There’s another, even more interesting, challenge to the usual understanding of the chapter.  That’s why I asked you to read it.  There are two phrases which caught my attention that long-ago night, and forever changed my conception of the chapter.  Did you notice them?

God told Abraham, “Look now toward heaven….”  Some of the later versions omit the word, “now,” but I think my interpretation is still valid.

After the conversation in v. 5, we read in v. 12, now when the Sun was going down, and in v. 17, when the Sun went down and it was dark….  My wife would have read v. 12 and I would have read v. 17.

Now, I don’t know if it was the reading of those phrases, or hearing them read out loud, or what, but they caught my attention.  They caused me to exclaim, “Now, wait a minute!”  To me, these phrases indicate that it was broad daylight when God told Abraham to look at the stars.

Now, I hear you say, “Wait a minute!”

It doesn’t make sense, does it?  The idea that God would ask someone to count stars in the daytime?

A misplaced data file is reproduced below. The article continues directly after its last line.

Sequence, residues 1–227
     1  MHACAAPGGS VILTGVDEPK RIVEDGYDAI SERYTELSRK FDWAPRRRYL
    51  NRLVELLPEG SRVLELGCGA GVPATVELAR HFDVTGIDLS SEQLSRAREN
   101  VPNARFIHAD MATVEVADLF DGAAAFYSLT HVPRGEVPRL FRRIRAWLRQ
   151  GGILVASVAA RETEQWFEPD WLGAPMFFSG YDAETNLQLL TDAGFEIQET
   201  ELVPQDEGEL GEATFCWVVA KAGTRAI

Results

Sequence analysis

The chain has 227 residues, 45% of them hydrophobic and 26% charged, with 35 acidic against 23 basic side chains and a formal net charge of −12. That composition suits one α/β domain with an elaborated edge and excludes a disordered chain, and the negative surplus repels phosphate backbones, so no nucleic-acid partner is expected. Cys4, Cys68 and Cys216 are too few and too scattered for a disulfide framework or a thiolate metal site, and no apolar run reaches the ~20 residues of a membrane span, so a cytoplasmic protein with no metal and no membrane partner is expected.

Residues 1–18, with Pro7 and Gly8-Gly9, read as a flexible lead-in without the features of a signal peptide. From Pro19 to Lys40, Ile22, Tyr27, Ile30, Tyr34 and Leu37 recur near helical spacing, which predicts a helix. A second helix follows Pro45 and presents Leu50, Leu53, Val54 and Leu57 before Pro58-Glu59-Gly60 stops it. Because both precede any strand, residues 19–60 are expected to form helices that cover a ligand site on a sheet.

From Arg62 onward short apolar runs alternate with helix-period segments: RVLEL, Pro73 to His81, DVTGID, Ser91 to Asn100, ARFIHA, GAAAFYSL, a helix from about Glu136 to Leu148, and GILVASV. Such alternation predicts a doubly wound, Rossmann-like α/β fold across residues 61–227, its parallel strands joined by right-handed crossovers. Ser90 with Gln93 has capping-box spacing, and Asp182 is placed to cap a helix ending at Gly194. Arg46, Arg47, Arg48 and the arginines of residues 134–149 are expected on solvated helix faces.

It seems to me that there are several lessons we can learn from this incident.  There are a lot of things in Scripture that don’t “make sense.”  That’s why unbelievers and skeptics have so much trouble with them.  God told Noah to build a huge boat because a flood was coming, and it have never even rained up until that time.  God told Israel to walk around Jericho for seven days, and on the seventh day they were also to yell real loudly.  What kind of warfare is that?  The Lord fed 15,000 or more people with a few sardine-sized fish and a couple slices of bread.  Pretty slim pickings.

Yet, in each case, “sense” was wrong, or at least very inadequate.

In addition, Abraham had to choose between what he could see, or what God said.  To do that, he had to go against the “science” of his day.  That’s still true.  At least here in the US, it seems that God hardly exists.  Violence and immorality are increasing.  Atheism has pretty much become the law of the land and the Bible is illegal in a good portion of our society.  As for science, no comment is needed.

But there’s more.

Abraham was a shepherd.  He’d spent a lifetime of nights under the stars.  And he could expect to spend a lot more nights under them.  But God said, “Look now….”  Abraham couldn’t look to his experiences.  God said, “Look NOW.”  He couldn’t count on his expectations.

As Christians, we can look back and see how God has blessed us.  For example, the way I met my wife involves about 7 years, four states, quitting a job, a long move, several people, a telephone book, and a phone call.  But that’s a story for another time….